From cooking a turkey to catching a connecting flight, stress is as much a symbol of Thanksgiving as are stuffing or pumpkin pie. But it doesn’t have to be that way. Several College of Charleston professors offer these five tips to help you cope with the stresses associated with the holiday.
1. No Politics at the Table
It is no secret that the recent political season was very divisive. Psychology professor Lisa Thomson Ross says the holidays are a time to give it a temporary rest. “I think people might need to request that there be no discussion of politics or the election during the meal itself – there is already enough pressure associated with the ‘perfect’ meal and having a ‘perfect’ family.”
2. Go Cold Turkey with Phones
A national survey three years ago revealed that one-third of us use our smart phones at the dinner table. Odds are, that percentage is even higher today. Psychology professor Rhonda Swickert-Hittner says it is time to put the phones away. “When we do this we signal that we value others and truly want to spend time with them. If we can stay in the moment and let people know that they have our undivided attention, the connection that we have created can be so much more gratifying for them and us.”
3. Be Prepared to Wait
Thanksgiving is historically the biggest travel time of the year. The American Automobile Association expects the busiest travel season in nine years with a projected 48.7 million Americans traveling 50 miles or more from home between Wednesday and Sunday. That’s nearly two percent higher than last year and the most Thanksgiving travelers since 2007. That means crowded roads, crowded airports, crowded everything.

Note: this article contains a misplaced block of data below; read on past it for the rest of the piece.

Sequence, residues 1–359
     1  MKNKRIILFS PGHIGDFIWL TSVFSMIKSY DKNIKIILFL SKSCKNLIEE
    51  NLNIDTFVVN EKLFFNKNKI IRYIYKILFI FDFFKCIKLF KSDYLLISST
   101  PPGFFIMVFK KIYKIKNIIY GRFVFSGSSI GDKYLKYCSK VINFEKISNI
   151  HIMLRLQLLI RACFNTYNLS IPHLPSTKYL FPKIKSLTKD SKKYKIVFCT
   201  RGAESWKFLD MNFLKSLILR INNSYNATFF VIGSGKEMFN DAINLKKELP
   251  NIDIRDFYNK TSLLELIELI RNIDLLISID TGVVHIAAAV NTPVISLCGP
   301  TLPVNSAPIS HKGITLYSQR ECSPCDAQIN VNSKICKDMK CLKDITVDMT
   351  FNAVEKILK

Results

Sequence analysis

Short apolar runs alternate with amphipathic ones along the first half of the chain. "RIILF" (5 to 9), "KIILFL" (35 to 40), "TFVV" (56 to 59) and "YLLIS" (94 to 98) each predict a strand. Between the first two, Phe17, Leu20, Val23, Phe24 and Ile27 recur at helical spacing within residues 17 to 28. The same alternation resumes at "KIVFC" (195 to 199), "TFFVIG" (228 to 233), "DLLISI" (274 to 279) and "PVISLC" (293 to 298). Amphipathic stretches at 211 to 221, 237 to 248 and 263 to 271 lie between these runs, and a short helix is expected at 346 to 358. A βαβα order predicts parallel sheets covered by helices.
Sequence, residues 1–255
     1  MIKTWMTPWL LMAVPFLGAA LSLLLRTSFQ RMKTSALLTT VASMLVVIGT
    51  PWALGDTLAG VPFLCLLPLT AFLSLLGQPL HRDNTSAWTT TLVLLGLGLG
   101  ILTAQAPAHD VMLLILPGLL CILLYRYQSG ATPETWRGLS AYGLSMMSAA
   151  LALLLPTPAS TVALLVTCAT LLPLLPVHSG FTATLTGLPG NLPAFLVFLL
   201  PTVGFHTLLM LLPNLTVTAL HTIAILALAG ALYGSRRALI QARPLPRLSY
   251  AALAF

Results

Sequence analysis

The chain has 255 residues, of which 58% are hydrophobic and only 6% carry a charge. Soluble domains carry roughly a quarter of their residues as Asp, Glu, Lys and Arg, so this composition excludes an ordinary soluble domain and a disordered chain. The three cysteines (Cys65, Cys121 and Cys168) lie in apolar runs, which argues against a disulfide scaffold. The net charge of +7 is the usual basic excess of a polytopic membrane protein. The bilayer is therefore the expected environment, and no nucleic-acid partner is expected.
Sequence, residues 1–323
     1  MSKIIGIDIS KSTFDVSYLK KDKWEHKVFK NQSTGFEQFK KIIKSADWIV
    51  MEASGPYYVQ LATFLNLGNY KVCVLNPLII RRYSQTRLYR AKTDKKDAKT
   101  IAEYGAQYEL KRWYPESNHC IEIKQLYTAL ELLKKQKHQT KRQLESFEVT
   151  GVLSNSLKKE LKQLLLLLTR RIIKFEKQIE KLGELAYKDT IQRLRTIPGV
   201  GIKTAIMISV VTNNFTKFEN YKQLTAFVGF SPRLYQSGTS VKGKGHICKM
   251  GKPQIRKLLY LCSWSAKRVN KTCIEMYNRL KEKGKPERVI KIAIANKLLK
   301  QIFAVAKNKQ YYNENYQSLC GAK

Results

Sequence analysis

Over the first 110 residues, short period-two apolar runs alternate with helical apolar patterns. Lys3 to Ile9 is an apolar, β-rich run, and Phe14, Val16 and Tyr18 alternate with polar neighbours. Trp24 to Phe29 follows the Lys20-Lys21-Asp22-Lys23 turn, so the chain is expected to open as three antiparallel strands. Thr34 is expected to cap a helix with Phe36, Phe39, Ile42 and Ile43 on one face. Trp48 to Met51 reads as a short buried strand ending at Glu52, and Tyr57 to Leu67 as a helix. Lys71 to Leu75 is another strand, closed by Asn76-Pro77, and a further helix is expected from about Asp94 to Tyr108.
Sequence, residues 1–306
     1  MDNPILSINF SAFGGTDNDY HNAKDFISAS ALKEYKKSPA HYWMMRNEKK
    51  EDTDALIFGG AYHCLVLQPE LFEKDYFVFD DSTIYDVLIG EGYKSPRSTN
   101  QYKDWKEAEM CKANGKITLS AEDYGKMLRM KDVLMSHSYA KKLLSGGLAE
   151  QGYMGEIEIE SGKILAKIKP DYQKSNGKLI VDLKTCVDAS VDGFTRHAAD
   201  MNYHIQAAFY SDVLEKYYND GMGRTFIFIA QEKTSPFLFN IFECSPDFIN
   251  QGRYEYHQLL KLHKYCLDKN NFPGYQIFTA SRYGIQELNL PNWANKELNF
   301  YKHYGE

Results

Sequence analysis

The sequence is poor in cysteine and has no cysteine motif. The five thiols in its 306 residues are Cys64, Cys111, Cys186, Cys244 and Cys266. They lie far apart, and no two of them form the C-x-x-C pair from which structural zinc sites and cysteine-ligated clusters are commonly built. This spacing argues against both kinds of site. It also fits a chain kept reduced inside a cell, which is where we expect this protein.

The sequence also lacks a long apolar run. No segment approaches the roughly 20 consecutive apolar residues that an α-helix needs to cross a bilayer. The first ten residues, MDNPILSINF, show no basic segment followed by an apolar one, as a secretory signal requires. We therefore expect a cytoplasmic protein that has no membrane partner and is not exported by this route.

4. Pre-Planning Your Trip
OK, now something optimistic about your stress level. If you have already planned your entire Thanksgiving trip, you may have already overcome the most stressful part of the holiday.
According to a research project conducted by hospitality and tourism professor John Crotts regarding vacation stress, the worst stress comes in the time period you spend getting ready for the trip. “The area in which the most stress was experienced was in the trip planning stage,” says Crotts. “The search for information, development of a vacation itinerary, making reservations and packing for the trip … were not stress-free processes.”
5. Get Moving
One of the best ways to deal with travel stress is to exercise. Exercise has been shown in countless studies to effectively treat stress, depression, anxiety and even the common cold, says health and human performance professor Marie “Scooter” Barnette. “Exercise is the absolute best thing to improve innumerable things about our health.”
If you’re still reading this article, time to power down and enjoy the holiday.